Thursday, August 8, 2019

WITMonth Day 8 | If you liked [X], read... women in translation!

Year after year, one of the biggest goals I have for WITMonth is to make it "big". As I've already mentioned, the vast majority of readers are not familiar with women in translation month (if that's you, hello! *waves*) and many English monolinguals admit that they haven't read more than a book or two by women writing in a language other than English. It's hard, when the market is dominated by English-language writers (overwhelmingly English or USian) and favors men writers.

But fret not! Even if you haven't had many opportunities to read books by women writers in translation until now, WITMonth is always your friend. Today, we're going to play a little game of "comparative recommendations". While this is definitely far from my favorite way to recommend books, the fact is that it can help guide us toward the sorts of books we might like!

So here we go. If you liked this other piece of art, maybe I can interest you in some women writers in translation?

Chernobyl ---- Voices from Chernobyl by Svetlana Alexievich (tr. from Russian by Keith Gessen)

This should be a no-brainer - if you were entranced by a TV phenomenon that portrayed the horrors of the Chernobyl catastrophe, you will likely be as entranced - and horrified - by Voices from Chernobyl. Svetlana Alexievich won the Nobel Prize for her oral histories and this work is a pivotal (if brutal) account of Chernobyl and a must-read for anyone interested in the history.

The Tortall Books by Tamora Pierce ---- The Red Abbey Chronicles by Maria Turtschaninoff (tr. from Finland-Swedish by A. A. Prime)

Like your YA fantasy to be fantastically feminist? Don't mind if it gets a little gritty and real? If you grew up reading Tamora Pierce's fabulous Tortall books (beginning with Alanna: The First Adventure and continuing through to the Beka Cooper books and Tempests and Slaughter), the Red Abbey Chronicles is the series for you. An at-times dark but ultimately radically optimistic feminist series about an island sanctuary for women, Maresi starts things off with a bang and doesn't let up.

Planet Earth ---- Extraordinary Insects by Anne Sverdrup-Thygeson (tr. from Norwegian by Lucy Moffatt)

If you love our planet (or Our Planet!) and love learning about the wild, weird, and wonderful creatures that inhabit it, Extraordinary Insects is the book for you. Full of fantastic facts, gorgeous sketches (even for people afraid of bugs!), and a clear love of the science, Extraordinary Insects is a joy to read and an excellent introduction to a world we too often ignore (and literally step on).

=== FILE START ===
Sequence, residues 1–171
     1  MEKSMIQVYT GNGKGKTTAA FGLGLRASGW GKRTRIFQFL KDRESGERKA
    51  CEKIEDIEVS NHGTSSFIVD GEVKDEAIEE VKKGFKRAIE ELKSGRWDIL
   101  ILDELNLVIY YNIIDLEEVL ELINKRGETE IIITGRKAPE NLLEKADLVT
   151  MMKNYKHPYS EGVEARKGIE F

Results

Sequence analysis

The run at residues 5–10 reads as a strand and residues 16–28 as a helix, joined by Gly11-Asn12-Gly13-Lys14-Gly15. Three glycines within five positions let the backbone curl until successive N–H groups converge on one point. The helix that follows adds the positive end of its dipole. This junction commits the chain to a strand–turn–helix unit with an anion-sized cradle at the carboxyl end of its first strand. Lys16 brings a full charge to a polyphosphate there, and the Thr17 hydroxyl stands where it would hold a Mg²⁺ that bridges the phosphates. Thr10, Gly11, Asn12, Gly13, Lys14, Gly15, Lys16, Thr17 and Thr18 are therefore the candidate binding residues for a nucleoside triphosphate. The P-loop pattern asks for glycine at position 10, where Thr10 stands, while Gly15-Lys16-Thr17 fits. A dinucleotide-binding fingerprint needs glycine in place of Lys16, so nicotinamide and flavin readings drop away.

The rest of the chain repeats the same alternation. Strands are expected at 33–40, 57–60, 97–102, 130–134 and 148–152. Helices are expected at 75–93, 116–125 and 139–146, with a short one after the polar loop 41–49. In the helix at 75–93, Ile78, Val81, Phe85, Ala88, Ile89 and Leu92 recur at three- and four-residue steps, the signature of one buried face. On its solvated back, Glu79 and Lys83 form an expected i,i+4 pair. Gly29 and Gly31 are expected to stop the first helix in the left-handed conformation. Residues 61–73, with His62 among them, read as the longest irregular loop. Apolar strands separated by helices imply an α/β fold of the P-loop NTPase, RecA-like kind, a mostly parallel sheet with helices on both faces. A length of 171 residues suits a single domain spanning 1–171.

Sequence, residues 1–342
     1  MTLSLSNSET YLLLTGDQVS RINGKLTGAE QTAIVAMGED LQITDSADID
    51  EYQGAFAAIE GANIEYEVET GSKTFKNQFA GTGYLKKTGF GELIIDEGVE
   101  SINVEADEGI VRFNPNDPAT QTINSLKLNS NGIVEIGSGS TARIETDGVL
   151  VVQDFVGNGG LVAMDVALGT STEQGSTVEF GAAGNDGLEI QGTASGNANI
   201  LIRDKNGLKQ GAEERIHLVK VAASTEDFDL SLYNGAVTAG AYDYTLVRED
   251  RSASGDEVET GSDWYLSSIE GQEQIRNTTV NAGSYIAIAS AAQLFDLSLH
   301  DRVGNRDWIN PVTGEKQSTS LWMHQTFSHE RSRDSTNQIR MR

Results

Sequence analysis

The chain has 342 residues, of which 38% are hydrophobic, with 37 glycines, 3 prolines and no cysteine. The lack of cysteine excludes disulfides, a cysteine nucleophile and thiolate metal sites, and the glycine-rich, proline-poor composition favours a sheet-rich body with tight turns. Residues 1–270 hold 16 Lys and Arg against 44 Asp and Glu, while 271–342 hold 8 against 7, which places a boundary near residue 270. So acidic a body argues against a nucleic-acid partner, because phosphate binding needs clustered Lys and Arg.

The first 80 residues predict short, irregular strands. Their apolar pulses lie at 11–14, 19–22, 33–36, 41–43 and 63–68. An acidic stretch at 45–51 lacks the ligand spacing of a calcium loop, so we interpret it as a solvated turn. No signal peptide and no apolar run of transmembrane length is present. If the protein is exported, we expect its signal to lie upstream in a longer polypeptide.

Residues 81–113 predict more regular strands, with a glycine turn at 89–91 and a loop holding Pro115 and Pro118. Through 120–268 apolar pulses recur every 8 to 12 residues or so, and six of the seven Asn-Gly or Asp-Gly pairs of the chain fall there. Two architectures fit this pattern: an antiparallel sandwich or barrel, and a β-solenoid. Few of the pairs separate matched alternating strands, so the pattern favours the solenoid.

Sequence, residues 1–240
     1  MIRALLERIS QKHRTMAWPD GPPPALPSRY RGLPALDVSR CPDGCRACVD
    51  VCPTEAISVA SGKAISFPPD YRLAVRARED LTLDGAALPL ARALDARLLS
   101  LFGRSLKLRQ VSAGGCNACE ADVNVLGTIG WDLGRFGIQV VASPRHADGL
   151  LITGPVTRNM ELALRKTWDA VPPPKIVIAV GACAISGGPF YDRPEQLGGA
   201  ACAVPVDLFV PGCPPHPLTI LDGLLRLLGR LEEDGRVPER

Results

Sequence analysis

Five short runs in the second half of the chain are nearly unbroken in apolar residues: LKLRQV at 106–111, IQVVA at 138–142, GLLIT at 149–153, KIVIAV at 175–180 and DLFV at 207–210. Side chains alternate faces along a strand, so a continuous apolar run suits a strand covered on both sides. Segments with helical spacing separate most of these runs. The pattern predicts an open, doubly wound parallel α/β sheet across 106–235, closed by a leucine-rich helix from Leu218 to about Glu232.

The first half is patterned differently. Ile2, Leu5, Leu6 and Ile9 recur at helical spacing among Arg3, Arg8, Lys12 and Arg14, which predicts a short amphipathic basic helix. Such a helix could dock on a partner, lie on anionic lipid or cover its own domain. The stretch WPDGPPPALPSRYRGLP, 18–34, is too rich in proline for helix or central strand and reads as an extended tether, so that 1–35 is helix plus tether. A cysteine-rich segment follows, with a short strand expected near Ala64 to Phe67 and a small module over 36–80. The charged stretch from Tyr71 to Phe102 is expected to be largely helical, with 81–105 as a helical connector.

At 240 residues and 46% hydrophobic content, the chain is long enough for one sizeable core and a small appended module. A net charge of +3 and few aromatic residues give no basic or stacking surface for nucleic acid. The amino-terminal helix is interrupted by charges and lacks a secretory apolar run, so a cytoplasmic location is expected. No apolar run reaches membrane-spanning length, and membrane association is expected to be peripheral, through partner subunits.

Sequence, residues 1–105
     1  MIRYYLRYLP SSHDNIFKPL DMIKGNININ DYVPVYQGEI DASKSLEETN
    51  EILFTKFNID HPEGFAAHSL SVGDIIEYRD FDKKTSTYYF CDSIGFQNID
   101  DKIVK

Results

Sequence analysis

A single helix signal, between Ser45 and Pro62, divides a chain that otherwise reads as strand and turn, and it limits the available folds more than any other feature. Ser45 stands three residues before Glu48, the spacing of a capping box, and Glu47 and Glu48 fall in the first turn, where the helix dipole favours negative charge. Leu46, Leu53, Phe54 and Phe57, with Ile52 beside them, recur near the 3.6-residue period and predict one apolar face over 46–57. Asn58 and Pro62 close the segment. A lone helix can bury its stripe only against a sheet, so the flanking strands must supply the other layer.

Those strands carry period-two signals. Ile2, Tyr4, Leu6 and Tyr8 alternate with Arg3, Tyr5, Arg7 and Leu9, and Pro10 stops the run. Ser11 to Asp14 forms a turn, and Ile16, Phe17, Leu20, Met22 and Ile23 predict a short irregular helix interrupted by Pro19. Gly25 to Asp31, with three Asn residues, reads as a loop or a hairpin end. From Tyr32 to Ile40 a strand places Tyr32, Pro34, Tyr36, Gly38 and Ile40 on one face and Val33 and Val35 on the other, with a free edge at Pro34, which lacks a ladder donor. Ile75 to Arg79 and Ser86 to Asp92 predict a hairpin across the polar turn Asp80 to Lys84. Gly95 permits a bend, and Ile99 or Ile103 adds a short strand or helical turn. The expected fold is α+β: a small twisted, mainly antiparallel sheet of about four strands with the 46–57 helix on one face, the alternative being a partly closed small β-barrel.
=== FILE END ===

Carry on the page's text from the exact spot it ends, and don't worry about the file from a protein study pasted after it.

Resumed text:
Belle ---- Dance on the Volcano by Marie Vieux-Chauvet (tr. from French by Kaiama L. Glover)

Tired of historical dramas that portray history through a white-washed lens? While there are few plot similarities between Belle and Dance on the Volcano, the two stories often remind me of each other in their clear-eyed representation of life for mixed-race women in the late 18th century. In both stories, the main character seeks her independence, voice (literally in Dance on the Volcano's case!), and love... though this ends up unfolding very differently for the English Belle versus the Haitian Minette. 

The Luminaries by Eleanor Catton ---- A True Novel by Minae Mizumura (tr. from Japanese by Juliet Winters Carpenter)

Another case of an indirect similarity, but one nonetheless: Here we have huge, at-times slow, complexly structured and deeply intricate historical narratives that hearken to older literary styles. Where The Luminaries is more of a purely historical work rooted in a specific period of New Zealand history, A True Novel sprawls over several decades and eras of Japanese history. And yet the two novels seem to ring with a similar tone. Both are remarkably written and structured; both are extraordinary literary works; both are intensely long books that do not remotely feel as such.

Fleabag ---- Fish Soup by Margarita García Robayo (tr. from Spanish by Charlotte Coombe)

Fleabag's immense charm comes from the central character herself - at times abrasive, vaguely unappealing, vulnerable, ecstatic, and brutally open to the viewer. Fish Soup doesn't have quite the same individual hook (since it's a collection of several works), but the effect is similar. Many of the stories center on characters that are somewhat unlikable, yet appealing. The storytelling is largely straight-forward, yet striking. The writing is sharp and clever, with the overall effect that of a tightly controlled work... just like Fleabag is on the television screen.

That's all for now, folks! But of course, these are far from the only cases where you might compare a piece of popular culture (or literature!) to a lesser-known gem by a woman writer from around the world. What comparisons might you propose? Stay tuned (get it?) for more...!


  1. Great post, I have Maresi and Naondel to read this month, wanting to add a bit of genre fiction that's not my usual to the mix.

  2. I love this!! A dangerous business for my TBR, this post, but I love having all these excellent recs. <3


Anonymous comments have been disabled due to an increase in spam. Sorry!